Approximately 10 years ago, we initiated the first clinical trail investigating allogeneic stem cell transplantation in patients with treatment refractory metastatic renal cell carcinoma (RCC). Definitive evidence for an allogeneic graft-versus-RCC effect has been demonstrated with complete regression of large metastasis observed in some patients. We have subsequently conducted studies investigating the immunological mechanisms accounting for tumor regression in patients demonstrating an anti-RCC effect in attempts to identify both the effector cell populations mediating these regressions as well as their target antigens. We demonstrated that cytotoxic T-cell clones with specificity for minor antigens are capable of killing RCC cells in patients having a GVT effect post transplant. Using c-DNA expression cloning, we have recently identified a novel tumor antigen derived from a human endogenous retrovirus over-expressed in RCC cells called HERV-E CT-RCC. This antigen is not expressed on normal tissues and therefore could potentially serve as a target for a future kidney cancer vaccine. Work to identify other antigens derived from this HERV-E that are expressed on common HLA molecules as well as efforts to develop a monoclonal antibody that recognizes HERV-E derived proteins that are selectively expressed in RCC are ongoing. We have also sought to characterize the mechanisms accounting for selective expression of the CT-RCC HERV-E in RCC. Recently, we found that inactivation of the VHL tumor suppressor gene, over-expression of the hypoxia-inducible transcription factor (HIF) HIF-2, and demethylation of the HERV-E 5LTR results in the selective expression of HERV-E in clear cell carcinoma. These studies have provided valuable insights needed for ongoing translational research aimed at boosting human immunity against antigenic components of this provirus. In order to explore methods to enhance GVT effects against RCC, we have developed a murine model of allogeneic HCT. This model demonstrates that adoptively transferred NK cells from MHC matched donors reduce GVHD and mediate a GVT effect against murine RCC prolonging survival. These findings are being translated into a clinical trial that will explore the potential of ex-vivo expanded donor NK cell infusions to reduce GVHD and enhance GVT in patients with RCC and other cancers undergoing allogeneic HCT. We are also exploring methods to sensitize solid tumors to NK cell attack by altering the phenotype of tumor cells through targeted gene induction. Recently we showed that bortezomib and depsipeptide sensitize tumors to NK cell cytotoxity by enhancing NK-cell mediated TRAIL killing. This sensitization appears to overcome NK inhibition that is mediated through KIR-KIR ligand interactions. We have also developed a method to expand by >4 logs NK cells from healthy donors for adoptive infusion in future NK-cell based adoptive immunotherapy trials. We now have developed a method to expand human NK cells by 100 to 1000 fold in bags using GMP conditions. A phase I study entitled Safety and the anti- tumor effects of escalating doses of adoptively infused ex vivo expanded autologous natural killer cells against metastatic cancers or hematological malignancies sensitized to NK TRAIL cytotoxicity with Bortezomib was initiated in 2008 and is currently accruing patients. With the exception of thyroiditis, infusions of up to 1x108 expanded NK cells/kg have been well tolerated and provided early evidence for mediating anti-tumor effects in patients with cancer. We have also initiated NK cell studies in rhesus macaques to evaluate methods to optimize the antitumor function and in vivo persistence of adoptively infused autologous NK cells.We have also recently shown that siRNA inactivation of NKG2A enhances NK cell tumor cytotoxicity in vitro and in vivo in tumor-bearing mice, a finding that may have therapeutic implications for humans with cancer. Finally, we have recently partnered with Dr. Ola Landgren from the NCI to explore KIR blockade with the monoclonal antibody IPH 2101 (Innate Pharma) as a method to enhance autologous NK cell killing of smoldering myeloma. Patients with a confirmed diagnosis of smoldering myeloma will receive IPH2101 (1mg/kg) every other month for 6 cycles. Patients will be restaged monthly pre- and post-treatment. In vitro correlative studies from blood samples collected from patients to measure the effects of KIR blockade on NK cell cytotoxic granule release, NK cell cytotoxicity and NK cell intracellular cytokine secretion against myeloma cell lines will be performed in my laboratory. Using this technique, the percentage change in NK cell cytotoxic granule release and NK cell intracellular cytokine secretion following treatment with IPH2101 compared to baseline will be determined and correlated with clinical evidence for disease activity. This study is actively enrolling patients. My group has continued to investigate methods to improve allogeneic HCT for heavily pretreated patients with bone marrow failure syndromes (BMFS) including paroxysmal nocturnal hemoglobinuria (PNH) and ATG-refractory severe aplastic anemia (SAA). In a cohort of 56 heavily transfused and HLA alloimmunized patients with BMFS undergoing a novel fludarabine-based HCT, graft rejection did not occur and 87% of the patients survived disease free with a median follow-up of 4.5 years. Despite this excellent survival, approximately 70% of patients developed chronic GVHD. In a multivariate analysis, we found that rapid donor T-cell engraftment (d 95% donor T-cell chimerism by day 30) was associated with the development of chronic GVHD (adjusted HR 3.03, p=0.04). To test whether delaying the speed of donor T-cell engraftment will prevent chronic GVHD, we have initiated a new clinical trial for BMFS patients which uses a modified donor allograft containing high doses of G-CSF mobilized CD34+ selected cells combined with a one log reduced dose of non-G-CSF mobilized T-cells. Transplantation using unrelated cord blood (UCB) has been shown to be a reasonable alternative transplant approach for patients with a variety of hematological malignancies and non-malignant hematological disorders who lack an HLA matched related or unrelated stem cell donor. Recent data show leukemia-free survival in adult patients with AML and ALL is comparable to that of recipients receiving fully matched unrelated donor transplants. However, for patients with SAA undergoing UCB transplantation, results have been disappointing. Investigators from the EBMT and Eurocord have reported engraftment rates of only 51% and survival rates of only 38% in SAA recipients of single or dual CB transplants. In order to harness the advantage of UCB availability, to overcome the disadvantage of delayed neutrophil recovery of UCB transplantation, and to provide a back up stem cell source should the CB unit fail to engraft, we have recently initiated a clinical trial that evaluates the co-administration of unrelated umbilical cord blood and a relatively low number of highly purified haploidentical peripheral blood CD34+ cells from a related donor as a method to promote rapid neutrophil recovery. Subjects receive a novel non-myeloablative immunosuppressive conditioning regimen of cyclophosphamide, fludarabine, horse ATG and one dose of total body irradiation (200cGy) followed by an infusion of the allografts. The haploidentical stem cell product is T-cell depleted and enriched for CD34+ cells using the Miltenyi CliniMacs system. To reduce TRM secondary to prolonged neutropenia associated with conventional UCB transplantation, haploidentical CD34+ stem cells are co-infused with a single UCB unit (serologically matched at d 4/6 HLA loci). The primary endpoint will be donor engraftment by day 42. This study is now accruing patients.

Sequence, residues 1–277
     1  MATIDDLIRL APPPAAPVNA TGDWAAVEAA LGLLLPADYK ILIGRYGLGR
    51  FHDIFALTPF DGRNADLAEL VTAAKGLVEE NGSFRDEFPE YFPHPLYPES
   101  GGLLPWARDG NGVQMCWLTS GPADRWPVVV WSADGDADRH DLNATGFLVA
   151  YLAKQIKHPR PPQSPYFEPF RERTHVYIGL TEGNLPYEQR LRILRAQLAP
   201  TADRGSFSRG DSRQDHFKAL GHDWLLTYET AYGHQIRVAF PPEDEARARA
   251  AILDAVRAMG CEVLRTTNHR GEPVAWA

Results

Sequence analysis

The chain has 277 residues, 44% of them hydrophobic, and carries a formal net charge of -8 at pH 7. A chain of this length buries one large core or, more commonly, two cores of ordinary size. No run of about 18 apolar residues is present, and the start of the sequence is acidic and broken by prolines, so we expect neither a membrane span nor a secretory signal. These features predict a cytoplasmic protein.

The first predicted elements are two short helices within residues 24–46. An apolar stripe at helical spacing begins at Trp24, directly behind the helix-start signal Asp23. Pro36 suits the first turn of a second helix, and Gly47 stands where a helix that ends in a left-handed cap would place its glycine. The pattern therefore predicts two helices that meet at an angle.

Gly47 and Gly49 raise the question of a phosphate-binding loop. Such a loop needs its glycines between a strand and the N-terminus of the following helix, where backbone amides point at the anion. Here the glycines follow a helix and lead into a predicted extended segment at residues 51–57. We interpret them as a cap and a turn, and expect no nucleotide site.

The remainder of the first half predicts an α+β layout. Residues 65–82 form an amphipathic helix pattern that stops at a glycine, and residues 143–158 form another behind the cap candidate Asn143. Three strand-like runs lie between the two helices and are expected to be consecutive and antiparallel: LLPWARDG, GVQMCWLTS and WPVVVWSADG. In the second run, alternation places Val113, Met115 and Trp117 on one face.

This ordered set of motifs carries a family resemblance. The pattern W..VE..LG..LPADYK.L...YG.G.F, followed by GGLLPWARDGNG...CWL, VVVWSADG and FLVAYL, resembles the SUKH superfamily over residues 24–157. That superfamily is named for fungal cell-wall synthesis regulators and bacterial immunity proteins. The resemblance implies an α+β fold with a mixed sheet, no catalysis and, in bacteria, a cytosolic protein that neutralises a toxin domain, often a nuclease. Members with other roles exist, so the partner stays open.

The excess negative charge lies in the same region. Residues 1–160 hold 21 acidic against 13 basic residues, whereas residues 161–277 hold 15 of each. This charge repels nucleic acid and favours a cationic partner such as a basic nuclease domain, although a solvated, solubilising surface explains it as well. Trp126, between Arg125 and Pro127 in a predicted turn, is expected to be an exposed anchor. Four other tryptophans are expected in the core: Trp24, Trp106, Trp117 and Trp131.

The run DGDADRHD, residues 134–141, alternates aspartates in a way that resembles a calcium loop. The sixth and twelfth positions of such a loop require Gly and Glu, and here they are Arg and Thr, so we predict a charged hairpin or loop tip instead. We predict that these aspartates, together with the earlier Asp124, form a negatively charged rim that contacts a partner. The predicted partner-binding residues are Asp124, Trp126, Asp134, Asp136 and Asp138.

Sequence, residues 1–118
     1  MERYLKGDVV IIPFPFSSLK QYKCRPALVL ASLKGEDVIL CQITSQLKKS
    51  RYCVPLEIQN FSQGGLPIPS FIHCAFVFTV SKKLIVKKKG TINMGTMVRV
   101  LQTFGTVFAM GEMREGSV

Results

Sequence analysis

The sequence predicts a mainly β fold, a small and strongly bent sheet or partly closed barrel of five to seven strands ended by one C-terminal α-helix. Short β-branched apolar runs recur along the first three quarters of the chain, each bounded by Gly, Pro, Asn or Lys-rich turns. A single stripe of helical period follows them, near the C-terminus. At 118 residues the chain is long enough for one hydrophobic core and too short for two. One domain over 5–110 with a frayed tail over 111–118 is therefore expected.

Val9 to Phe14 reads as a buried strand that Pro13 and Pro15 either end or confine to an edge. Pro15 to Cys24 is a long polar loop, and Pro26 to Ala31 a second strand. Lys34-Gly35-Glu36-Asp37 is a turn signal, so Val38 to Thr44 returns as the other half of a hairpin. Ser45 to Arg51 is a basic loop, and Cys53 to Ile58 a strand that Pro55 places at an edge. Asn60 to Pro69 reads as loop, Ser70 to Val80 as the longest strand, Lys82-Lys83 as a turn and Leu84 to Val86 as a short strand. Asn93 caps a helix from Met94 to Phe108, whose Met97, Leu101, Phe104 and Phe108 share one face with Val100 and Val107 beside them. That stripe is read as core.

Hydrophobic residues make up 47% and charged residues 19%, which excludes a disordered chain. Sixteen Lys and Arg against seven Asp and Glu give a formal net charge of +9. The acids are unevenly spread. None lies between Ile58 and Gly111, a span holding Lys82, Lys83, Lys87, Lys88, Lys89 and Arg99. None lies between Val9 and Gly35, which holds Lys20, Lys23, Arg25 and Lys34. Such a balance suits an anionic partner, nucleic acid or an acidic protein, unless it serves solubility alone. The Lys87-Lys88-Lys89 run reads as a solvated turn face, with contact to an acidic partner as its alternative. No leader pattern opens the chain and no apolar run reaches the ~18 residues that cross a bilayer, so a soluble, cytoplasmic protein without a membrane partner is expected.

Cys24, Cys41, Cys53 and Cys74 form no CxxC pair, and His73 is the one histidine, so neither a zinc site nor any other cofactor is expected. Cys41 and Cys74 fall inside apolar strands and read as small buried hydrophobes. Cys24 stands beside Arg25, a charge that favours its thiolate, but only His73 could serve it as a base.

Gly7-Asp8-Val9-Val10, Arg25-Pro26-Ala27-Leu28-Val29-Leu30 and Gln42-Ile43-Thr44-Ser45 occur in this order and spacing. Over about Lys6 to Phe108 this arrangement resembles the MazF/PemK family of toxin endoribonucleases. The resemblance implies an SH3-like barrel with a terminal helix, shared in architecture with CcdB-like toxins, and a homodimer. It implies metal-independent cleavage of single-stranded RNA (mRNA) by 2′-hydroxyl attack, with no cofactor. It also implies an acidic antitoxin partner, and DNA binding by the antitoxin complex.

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Ahn, Inhye E; Farooqui, Mohammed Z H; Tian, Xin et al. (2018) Depth and durability of response to ibrutinib in CLL: 5-year follow-up of a phase 2 study. Blood 131:2357-2366